hat the Covid-19 infection has triggered unprecedented digital transformation, pivots in business models, and unforeseen opportunities for tech startups has been a theme Forbes India has been on top of for the past one and a half years. The pandemic may be a once-in-a-century phenomenon, but this isn’t the first infection in the past two decades to spur such disruption.
The SARS (severe acute respiratory syndrome) virus outbreak started in southern China in 2002, spreading to at least four other countries. Face masks, sealing of offices, work from home, isolation and quarantine were the order of the day. At the heart of an “innovative startup culture” in that period was Jack Ma, who launched Taobao Marketplace to complement flagship Alibaba and to take on eBay in the Chinese consumer ecommerce market. The SARS outbreak provided Chinese tech and internet companies an opportunity to innovate for growth, and Jack Ma grabbed it with both hands.
As Duncan Clark, author of the riveting Alibaba: The House that Jack Ma Built (2016)—which is as much a story about the emergence of Chinese tech and internet giants as it is about ‘Crazy Jack’—writes: “Although it sickened thousands and killed almost 800 people, the outbreak had a curiously beneficial impact on the Chinese internet sector, including Alibaba. SARS validated digital mobile telephony and the internet, and came to represent the turning point when the internet emerged as a truly mass medium in China.”
As Clark notes, cellphones and PCs became the windows to information about the virus for the Chinese and how to protect themselves at a time when reliable information about SARS was hard to come by. “Crucially for Alibaba, SARS convinced millions of people, afraid to go outside, to try shopping online instead.” The stage was set for Taobao, which offered free listings to sellers, and “adopted a series of guerrilla marketing techniques, including reaching out to hundreds of small but fast-growing sites and online communities that eBay had deemed unimportant”. eBay exited China in 2006.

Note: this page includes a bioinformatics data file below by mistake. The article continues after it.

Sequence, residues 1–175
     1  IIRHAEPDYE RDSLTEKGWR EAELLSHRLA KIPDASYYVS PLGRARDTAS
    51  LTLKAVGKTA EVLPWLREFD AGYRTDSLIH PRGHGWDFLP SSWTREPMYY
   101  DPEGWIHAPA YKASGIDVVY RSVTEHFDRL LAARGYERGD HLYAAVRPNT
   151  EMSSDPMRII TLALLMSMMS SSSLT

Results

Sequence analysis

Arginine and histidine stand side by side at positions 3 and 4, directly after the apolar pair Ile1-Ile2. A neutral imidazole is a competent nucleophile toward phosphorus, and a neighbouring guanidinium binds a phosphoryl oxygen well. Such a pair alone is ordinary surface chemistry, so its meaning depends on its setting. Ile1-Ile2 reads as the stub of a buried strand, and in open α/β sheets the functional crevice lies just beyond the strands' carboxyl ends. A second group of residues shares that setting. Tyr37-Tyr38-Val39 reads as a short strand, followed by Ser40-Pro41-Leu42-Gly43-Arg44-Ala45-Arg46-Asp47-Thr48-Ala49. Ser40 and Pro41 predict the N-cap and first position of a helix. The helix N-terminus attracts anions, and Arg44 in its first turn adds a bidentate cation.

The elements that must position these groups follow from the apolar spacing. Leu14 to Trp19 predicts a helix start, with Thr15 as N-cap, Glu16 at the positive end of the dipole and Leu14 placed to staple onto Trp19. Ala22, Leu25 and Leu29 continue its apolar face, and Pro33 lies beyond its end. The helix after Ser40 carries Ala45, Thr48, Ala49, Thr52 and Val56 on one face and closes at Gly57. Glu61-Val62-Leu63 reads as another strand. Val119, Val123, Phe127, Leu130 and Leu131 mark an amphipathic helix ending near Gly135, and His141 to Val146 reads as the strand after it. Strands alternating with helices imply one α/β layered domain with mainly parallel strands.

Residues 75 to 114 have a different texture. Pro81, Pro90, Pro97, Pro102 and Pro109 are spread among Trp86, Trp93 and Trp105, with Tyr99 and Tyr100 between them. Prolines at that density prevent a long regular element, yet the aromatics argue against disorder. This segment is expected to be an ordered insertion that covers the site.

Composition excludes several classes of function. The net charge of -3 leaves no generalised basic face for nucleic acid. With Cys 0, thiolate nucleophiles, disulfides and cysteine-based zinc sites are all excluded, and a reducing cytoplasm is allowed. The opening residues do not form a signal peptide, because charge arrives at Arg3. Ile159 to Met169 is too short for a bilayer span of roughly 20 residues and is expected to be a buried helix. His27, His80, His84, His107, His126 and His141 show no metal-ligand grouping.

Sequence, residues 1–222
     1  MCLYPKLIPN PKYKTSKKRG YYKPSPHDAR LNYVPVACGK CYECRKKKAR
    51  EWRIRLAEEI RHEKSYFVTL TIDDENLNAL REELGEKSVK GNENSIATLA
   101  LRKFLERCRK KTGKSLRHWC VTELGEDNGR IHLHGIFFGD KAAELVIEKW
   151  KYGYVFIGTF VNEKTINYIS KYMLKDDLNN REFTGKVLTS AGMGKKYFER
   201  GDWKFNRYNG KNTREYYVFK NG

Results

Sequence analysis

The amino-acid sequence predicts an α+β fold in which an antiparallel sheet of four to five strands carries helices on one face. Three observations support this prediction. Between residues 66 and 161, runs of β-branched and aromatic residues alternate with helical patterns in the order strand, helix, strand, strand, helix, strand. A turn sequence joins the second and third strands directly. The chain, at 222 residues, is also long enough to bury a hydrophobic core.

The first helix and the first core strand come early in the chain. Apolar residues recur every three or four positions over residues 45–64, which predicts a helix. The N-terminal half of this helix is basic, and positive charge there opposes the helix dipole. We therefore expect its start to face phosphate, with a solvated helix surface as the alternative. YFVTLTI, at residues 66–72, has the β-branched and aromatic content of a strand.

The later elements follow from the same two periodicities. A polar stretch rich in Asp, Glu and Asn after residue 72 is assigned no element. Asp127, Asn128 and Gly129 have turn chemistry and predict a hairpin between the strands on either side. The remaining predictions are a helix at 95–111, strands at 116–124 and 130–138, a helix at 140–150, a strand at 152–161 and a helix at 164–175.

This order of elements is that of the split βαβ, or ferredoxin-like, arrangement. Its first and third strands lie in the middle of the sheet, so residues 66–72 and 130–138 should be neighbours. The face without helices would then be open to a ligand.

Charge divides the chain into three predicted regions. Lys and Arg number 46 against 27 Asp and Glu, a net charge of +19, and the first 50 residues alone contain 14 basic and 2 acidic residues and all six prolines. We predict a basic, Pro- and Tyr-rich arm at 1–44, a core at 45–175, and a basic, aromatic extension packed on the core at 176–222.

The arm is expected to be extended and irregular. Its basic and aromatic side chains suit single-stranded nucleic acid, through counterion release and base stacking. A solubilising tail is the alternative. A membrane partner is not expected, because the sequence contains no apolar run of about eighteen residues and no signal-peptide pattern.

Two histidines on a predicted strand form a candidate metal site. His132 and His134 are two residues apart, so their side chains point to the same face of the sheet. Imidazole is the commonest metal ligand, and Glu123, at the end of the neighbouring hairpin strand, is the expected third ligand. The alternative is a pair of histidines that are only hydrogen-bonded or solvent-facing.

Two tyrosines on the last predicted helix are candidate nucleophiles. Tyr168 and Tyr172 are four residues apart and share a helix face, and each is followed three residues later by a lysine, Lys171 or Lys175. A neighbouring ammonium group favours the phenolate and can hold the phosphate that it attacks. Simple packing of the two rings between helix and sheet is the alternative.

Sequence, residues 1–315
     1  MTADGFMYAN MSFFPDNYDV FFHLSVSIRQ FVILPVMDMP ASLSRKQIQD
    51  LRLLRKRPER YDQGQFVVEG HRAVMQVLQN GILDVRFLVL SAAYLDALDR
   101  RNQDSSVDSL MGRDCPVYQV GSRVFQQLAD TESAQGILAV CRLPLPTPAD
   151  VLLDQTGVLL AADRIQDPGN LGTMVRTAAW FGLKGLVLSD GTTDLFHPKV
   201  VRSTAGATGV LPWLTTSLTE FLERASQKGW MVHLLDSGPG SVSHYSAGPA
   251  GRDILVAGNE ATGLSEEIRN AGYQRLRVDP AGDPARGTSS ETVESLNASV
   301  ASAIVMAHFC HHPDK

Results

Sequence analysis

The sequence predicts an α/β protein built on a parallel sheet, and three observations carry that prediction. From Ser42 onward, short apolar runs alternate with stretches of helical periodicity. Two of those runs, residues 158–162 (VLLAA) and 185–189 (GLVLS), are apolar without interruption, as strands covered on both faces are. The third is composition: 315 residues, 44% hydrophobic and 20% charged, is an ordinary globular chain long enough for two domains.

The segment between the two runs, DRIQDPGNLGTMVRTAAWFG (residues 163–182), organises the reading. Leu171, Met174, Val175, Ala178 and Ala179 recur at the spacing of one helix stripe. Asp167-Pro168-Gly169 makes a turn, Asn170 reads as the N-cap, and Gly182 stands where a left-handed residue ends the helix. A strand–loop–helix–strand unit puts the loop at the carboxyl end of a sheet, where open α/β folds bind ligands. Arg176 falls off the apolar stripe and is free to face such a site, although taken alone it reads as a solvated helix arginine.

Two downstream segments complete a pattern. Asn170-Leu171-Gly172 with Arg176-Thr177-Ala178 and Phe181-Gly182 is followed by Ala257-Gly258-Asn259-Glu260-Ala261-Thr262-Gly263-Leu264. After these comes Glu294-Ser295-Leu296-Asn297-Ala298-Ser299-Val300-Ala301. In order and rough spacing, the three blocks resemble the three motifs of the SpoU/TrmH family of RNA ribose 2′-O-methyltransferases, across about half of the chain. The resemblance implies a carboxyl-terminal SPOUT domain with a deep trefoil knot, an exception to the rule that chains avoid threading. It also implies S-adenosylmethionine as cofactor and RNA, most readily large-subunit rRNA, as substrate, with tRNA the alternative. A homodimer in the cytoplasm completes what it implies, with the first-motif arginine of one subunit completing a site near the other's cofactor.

Taobao by then had 30 million users, which shot up to 170 million in three years; sales had surged from $2 billion to $30 billion.
The short point of the Alibaba-Taobao blast from the past is that there is always opportunity in a calamity. Of course, opportunity may mean different things to different people, from reining in costs to bump up bottom lines year-on-year, to riding on the coattails of punters during a no-holds-barred bull run. The real opportunity, though, is for outsized growth that, like the pandemic, may also be a once-in-a-lifetime launchpad.
The Forbes India cover story is on a startup that’s uniquely poised for such a leap. The five-year-old Infra.Market is in the unglamorous construction-tech sector—think fly ash, concrete, construction chemicals, bath fittings, sanitary tiles. But here’s the deal: Its backers reckon the startup, valued at $2.5 billion at last count and with rapid growth in top and bottom line (it has been profitable since the first year), could go on to be the next big ecommerce story out from India. The estimated worth of the multi-segmented market it is chasing with an array of FMCG-like private labels is $200 billion. The only reservation is whether the startup is doing too much too soon. But, as the founders tell Rajiv Singh, who has penned the cover story, they never think small, risk and reward go hand in hand, and that their ambition is to build a $10 billion global conglomerate. For more on how seemingly dreary categories like concrete and cement can attract innovation and be disruptive, ‘Core to Hardcore’ on page 20 is a must read.Best,
Editor, Forbes India
Twitter ID: @Brianc_Ed
(This story appears in the 05 November, 2021 issue of Forbes India. To visit our Archives, click here.)